“Forever chemicals” is a commonly used term for per- and polyfluoroalkyl substances (PFAS). The term “forever chemicals” was coined because these chemicals are not readily degradable, so they never break down in the environment.
PFAS have been found in American groundwater, drinking water, and soil. In a troublesome finding, studies from the CDC show that nearly all Americans have PFAS in their blood, including newborn babies.
The Environmental Working Group (EWG) and the Social Science Environmental Health Research Institute (SSEHRI) track PFAS contamination reported by federal and state authorities. As of July 2019, PFAS contaminates public drinking water systems serving 19 million people in 49 states. Unreleased federal data suggest that up to 110 million Americans could have PFAS-contaminated drinking water.
What Are the Health Risks of PFAS?
Numerous studies link PFAS to the following conditions:
- Testicular, kidney, liver, and pancreatic cancer.
- Reproductive problems.
- Weakened childhood immunity.
- Low birth weight.
- Endocrine disruption.
- Increased cholesterol.
- Weight gain in children and dieting adults.
How Are People Exposed to PFAS?
PFAS were used widely in manufacturing many industrial and consumer products because they are resistant to heat, water, oil. Decades of heavy use of these chemicals worldwide have contaminated water, soil, and the blood of both humans and animals. Unfortunately, many chemical companies knew the hazards and presence of these chemicals, some as long ago as 1950, but they did not tell anyone.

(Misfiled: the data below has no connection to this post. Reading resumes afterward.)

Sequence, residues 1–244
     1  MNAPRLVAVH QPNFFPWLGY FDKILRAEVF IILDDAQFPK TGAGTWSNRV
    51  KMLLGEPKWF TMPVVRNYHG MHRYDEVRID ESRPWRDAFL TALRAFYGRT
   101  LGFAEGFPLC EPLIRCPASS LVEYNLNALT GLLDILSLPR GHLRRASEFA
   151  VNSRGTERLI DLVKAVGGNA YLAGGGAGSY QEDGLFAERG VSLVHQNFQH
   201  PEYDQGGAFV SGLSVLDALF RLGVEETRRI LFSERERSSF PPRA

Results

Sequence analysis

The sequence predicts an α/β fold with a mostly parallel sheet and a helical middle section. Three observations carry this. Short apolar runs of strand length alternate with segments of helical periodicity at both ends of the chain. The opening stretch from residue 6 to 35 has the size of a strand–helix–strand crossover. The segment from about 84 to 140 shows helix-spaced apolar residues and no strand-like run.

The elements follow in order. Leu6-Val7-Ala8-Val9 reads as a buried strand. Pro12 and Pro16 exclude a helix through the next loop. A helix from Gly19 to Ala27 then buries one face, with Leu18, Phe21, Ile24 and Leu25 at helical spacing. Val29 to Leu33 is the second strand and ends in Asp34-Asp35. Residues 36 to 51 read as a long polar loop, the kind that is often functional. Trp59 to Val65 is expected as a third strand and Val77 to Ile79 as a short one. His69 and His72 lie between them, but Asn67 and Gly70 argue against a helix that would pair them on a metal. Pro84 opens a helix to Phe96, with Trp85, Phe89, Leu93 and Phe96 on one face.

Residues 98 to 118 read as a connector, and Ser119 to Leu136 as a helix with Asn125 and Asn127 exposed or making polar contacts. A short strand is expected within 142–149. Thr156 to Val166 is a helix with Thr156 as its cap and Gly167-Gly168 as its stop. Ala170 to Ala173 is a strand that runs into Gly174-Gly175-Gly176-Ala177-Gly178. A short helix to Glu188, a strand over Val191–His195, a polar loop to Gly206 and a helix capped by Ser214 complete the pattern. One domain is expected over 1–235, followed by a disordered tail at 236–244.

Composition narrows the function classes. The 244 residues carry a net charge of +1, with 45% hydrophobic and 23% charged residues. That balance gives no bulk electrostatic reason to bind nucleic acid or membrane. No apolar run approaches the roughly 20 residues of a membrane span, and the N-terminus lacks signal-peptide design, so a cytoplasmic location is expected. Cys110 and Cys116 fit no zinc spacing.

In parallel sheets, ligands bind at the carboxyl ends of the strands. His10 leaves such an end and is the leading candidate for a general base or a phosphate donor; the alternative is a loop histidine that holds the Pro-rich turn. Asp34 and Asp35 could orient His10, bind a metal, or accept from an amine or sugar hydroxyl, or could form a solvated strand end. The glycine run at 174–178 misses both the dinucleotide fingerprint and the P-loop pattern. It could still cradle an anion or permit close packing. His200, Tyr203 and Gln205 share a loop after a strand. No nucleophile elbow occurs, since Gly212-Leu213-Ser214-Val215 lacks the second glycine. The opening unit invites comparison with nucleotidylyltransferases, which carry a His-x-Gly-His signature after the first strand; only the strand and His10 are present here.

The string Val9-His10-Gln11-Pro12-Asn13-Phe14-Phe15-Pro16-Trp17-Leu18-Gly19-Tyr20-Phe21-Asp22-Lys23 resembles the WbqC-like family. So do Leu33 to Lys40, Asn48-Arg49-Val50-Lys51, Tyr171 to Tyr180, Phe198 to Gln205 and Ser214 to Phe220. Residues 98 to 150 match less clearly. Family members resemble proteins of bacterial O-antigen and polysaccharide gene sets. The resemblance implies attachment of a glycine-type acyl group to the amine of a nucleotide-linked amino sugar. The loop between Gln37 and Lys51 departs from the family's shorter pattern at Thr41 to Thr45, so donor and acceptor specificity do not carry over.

In one of several historical cases, DuPont knew its Teflon product was contaminating the drinking water of tens of thousands of people near its Parkersburg, West Virginia plant. A class action lawsuit revealed the contamination and led to further studies linking Teflon to cancer and other diseases.
PFAS do not readily degrade in the environment and are very mobile in water. Once they are released into the environment during manufacturing or leaking from a consumer product, they migrate into the water and remain intact for a long period of time. This allows them to be transported over long distances. PFAS have been found even in the most remote areas of the world.
Are PFAS Still Being Used?
The most infamous PFAS chemicals were phased out in the U.S. under pressure from the Environmental Protection Agency (EPA). However, they are still permitted in items imported to the United States.
Since the phase-out, the EPA and the Food and Drug Administration (FDA) have allowed many replacements that chemical companies claim are safe. However, some studies show that these replacement chemicals may pose an even greater risk than the original ones.
PFAS continue to be found or used in the following:
- Industrial discharge into drinking water, groundwater, and soil. There are currently no restrictions on industrial PFAS discharges under the federal Clean Water Act or the Clean Air Act.
- The military used firefighting foam for decades despite knowing its hazards and is now fighting efforts to clean up the contamination and pollution.